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Africa and LTE #2: Leapfrogging Fixed Broadband

While the West goes about the expensive process of replacing old systems with new ones, Africa is skipping straight to the latest technology.

Africa is catching up with the technology advances of the West, and they’re doing it by leapfrogging over technology that’s become irrelevant, pioneering next-generation solutions. Solar PV lights (like those from Sunny Money) are rendering it unnecessary to build expensive electrical grids. Mobile payments (from M-PESA and others) have replaced old systems of remittance in many areas. Mobile bank accounts (like AccessAccount from Standard Bank in South Africa) are replacing branch-based accounts. LTE networks are making landline telephony obsolete.

Africa is never going to have widespread, fast fixed-line broadband. Angola, Tanzania and Uganda have all launched LTE. Note that fixed broadband penetration in these countries is just 0.12%, 0.007% and 0.25% respectively, because there’s no high capacity backbone infrastructure.

Mobile operators in these countries, and also Mauritius (see my post about that here ), and Namibia, are jumping straight from GPRS to LTE, or evolving WiMax to LTE. And just like that, LTE becomes the default broadband option. No need to mess about with anything in between.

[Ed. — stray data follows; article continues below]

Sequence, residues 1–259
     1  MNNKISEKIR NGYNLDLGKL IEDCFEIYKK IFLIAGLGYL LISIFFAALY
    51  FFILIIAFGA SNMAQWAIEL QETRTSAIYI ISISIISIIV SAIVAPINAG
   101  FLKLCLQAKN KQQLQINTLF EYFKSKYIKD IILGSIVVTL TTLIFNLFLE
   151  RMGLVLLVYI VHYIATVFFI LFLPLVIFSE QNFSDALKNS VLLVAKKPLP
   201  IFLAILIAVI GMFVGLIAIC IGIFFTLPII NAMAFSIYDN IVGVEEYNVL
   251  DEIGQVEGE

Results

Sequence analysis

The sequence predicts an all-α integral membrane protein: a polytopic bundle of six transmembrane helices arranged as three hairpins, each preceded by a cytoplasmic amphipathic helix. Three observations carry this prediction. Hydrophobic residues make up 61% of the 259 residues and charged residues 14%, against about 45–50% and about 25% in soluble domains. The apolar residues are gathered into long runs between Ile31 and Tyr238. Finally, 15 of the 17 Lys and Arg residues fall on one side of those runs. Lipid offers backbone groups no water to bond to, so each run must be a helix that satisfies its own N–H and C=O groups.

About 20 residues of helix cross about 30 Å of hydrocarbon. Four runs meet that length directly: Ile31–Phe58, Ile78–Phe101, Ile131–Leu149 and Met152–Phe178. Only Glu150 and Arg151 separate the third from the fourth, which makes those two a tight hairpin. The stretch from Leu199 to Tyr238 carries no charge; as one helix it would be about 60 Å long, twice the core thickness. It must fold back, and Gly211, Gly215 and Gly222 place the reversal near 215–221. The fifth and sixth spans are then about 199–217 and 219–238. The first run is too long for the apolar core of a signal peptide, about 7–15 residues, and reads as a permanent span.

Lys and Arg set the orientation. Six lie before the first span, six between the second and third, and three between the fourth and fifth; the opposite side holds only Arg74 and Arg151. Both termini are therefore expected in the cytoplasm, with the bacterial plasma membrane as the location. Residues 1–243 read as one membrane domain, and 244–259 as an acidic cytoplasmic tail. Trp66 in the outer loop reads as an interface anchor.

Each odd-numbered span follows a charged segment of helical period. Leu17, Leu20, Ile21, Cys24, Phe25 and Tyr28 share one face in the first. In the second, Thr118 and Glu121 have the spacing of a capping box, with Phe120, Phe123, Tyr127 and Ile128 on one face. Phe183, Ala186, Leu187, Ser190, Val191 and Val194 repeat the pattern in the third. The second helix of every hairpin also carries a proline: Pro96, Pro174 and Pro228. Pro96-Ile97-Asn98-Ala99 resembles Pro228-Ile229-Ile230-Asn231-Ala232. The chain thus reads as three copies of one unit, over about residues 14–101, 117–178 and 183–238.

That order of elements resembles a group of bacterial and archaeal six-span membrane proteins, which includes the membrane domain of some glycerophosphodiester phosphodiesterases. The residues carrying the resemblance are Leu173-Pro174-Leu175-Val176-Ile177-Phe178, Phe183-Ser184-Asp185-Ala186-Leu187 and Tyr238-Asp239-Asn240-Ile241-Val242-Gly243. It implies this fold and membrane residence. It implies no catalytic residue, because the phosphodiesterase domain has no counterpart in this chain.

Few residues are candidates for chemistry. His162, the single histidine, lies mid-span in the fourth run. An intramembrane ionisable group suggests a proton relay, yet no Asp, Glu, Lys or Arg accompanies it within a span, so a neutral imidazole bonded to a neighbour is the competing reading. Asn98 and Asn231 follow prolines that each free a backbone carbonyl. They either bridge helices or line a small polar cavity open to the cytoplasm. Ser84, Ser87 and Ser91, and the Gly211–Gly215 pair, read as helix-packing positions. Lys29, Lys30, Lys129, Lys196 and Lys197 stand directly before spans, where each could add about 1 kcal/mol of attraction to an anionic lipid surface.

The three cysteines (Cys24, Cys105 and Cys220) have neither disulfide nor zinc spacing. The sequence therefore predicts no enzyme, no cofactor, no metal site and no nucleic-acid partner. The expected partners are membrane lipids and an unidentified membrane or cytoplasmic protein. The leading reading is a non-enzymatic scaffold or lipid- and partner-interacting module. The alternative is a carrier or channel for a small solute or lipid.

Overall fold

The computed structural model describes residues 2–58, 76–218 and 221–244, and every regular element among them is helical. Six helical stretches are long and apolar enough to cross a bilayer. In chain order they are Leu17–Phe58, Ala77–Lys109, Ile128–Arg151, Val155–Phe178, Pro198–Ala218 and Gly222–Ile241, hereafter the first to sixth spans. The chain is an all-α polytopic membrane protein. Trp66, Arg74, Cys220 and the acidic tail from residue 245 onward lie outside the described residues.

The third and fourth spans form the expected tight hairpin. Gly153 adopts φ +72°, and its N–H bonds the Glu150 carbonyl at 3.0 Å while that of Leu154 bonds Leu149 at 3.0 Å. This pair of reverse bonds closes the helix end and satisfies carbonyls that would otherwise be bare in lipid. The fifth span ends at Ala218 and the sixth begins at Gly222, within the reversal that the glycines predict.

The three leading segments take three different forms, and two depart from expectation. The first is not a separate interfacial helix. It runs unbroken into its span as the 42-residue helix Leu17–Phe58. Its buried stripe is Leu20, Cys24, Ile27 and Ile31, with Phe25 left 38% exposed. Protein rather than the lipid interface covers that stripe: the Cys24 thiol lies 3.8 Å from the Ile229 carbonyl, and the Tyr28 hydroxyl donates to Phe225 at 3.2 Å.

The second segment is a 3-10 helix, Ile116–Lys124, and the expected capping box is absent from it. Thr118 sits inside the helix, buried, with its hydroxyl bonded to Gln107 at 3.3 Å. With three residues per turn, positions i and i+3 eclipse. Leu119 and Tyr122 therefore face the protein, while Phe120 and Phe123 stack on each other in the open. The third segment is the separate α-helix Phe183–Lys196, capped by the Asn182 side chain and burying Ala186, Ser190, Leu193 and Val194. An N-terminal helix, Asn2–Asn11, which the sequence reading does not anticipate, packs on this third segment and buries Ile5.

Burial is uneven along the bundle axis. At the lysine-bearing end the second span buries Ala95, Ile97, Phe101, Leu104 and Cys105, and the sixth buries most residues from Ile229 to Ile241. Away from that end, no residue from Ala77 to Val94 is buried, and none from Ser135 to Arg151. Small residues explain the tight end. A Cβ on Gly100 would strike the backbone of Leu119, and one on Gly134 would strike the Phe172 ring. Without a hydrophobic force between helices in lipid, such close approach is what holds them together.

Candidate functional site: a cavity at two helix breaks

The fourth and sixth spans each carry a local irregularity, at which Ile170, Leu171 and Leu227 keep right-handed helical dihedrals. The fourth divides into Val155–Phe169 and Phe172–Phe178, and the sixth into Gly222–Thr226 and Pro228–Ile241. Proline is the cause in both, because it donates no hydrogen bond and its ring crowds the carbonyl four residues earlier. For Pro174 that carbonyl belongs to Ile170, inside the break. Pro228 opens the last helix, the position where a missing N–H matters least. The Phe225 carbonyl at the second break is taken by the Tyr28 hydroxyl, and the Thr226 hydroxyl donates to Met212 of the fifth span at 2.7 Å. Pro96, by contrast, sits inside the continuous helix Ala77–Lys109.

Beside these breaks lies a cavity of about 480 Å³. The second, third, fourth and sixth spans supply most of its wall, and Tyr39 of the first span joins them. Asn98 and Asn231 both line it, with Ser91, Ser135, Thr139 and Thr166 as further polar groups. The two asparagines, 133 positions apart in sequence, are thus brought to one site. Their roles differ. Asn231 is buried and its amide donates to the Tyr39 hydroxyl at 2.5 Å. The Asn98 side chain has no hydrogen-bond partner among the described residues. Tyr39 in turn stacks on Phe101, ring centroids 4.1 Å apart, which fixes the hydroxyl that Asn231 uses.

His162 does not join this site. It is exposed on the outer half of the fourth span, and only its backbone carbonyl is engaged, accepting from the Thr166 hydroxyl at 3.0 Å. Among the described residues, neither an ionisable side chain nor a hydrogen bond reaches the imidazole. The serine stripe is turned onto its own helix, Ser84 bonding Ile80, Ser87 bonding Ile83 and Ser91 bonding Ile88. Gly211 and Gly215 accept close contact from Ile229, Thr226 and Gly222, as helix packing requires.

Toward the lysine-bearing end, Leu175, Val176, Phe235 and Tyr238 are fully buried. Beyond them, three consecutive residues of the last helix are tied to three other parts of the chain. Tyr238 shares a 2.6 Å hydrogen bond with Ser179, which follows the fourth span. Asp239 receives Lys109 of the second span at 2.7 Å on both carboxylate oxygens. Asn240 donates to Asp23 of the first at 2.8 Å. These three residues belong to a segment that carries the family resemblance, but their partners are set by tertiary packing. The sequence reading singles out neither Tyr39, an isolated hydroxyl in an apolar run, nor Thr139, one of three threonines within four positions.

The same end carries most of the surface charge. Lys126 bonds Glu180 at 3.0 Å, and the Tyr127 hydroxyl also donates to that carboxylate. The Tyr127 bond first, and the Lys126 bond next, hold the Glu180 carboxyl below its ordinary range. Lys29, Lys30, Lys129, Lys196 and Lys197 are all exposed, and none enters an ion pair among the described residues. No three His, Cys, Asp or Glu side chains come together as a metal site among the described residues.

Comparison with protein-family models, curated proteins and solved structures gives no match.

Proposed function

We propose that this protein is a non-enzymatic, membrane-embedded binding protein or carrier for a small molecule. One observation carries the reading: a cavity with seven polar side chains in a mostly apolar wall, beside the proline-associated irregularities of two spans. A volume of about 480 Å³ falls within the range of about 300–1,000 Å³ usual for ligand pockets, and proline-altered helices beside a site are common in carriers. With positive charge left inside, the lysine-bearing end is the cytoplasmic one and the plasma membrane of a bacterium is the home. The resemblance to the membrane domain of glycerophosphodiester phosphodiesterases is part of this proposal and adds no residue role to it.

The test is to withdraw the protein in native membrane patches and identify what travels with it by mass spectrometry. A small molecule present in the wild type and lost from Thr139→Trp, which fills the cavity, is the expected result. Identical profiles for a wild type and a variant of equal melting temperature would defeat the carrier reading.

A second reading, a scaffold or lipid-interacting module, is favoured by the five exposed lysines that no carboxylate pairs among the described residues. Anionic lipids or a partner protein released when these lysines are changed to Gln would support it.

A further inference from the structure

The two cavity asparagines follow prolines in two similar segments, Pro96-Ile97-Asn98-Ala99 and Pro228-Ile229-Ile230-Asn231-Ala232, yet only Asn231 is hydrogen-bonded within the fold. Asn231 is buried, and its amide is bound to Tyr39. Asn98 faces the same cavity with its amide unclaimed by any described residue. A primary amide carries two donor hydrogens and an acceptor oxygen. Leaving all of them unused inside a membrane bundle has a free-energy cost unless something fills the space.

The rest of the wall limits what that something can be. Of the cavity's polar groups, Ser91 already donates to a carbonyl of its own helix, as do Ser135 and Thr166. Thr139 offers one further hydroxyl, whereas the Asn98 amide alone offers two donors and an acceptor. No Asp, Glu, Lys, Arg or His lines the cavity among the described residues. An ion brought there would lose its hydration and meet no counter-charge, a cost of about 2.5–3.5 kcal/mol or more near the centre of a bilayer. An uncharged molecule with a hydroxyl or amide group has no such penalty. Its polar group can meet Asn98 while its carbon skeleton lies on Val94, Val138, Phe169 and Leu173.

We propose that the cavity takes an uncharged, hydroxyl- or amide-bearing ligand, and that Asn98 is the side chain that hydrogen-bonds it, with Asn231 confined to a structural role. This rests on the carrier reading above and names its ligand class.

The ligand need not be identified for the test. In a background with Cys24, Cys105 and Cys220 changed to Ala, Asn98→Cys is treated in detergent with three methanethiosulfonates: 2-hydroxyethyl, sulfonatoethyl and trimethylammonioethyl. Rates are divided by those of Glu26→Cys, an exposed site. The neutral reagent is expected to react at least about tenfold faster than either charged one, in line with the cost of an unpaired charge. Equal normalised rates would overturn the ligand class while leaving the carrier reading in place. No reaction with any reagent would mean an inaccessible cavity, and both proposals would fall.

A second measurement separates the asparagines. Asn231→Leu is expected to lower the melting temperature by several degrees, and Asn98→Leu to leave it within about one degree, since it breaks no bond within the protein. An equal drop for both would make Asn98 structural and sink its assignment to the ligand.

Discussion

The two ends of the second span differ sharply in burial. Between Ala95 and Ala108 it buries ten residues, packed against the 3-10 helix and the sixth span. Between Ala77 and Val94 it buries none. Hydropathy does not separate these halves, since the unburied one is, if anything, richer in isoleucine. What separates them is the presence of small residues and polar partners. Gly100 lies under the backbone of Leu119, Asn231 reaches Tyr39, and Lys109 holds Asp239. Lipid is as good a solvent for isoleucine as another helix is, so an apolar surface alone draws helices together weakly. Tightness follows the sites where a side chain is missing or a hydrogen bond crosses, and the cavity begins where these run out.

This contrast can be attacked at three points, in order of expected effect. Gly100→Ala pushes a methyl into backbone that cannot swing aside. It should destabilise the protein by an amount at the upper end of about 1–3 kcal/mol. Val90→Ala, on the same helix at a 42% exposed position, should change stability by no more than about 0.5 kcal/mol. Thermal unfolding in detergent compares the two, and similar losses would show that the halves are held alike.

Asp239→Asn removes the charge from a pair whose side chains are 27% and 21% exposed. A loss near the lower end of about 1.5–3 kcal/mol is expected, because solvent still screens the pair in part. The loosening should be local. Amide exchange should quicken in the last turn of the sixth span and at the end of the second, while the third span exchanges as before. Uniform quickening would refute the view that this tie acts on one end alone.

Enabling data connectivity through LTE gives operators an immense economic opportunity. When subscribers use feature phones on a slow network, they can only consume voice minutes and texts. If those same people use a feature phone like a Nokia Asha on a faster network, they can also consume data. For operators, that leads to an increase in average revenue per user (ARPU) and the opportunity to offer new services that weren’t feasible before.

Operators certainly understand the value of mobile broadband (more on that here ) and even now are trying to shift people’s perception of mobile phones from something that lets you talk to others to a device that lets you connect to the internet. For example, the scratch cards that subscribers use to top up their phone minutes have begun to position the value of the cards in terms of data—not voice.

Since the ARPU in Africa is about $4-6 USD and data revenue contribution is even lower, purchasing power is big barrier to break in these markets. However, Africans spend a larger percentage of their income on mobile than people in the U.S.: a Kenyan operator’s ARPU is about 7 percent of average income whereas an American operator’s ARPU to average income is only about 0.2 percent.

It’s really all about value, and there is absolutely business opportunity here. Watch out. Here comes Africa.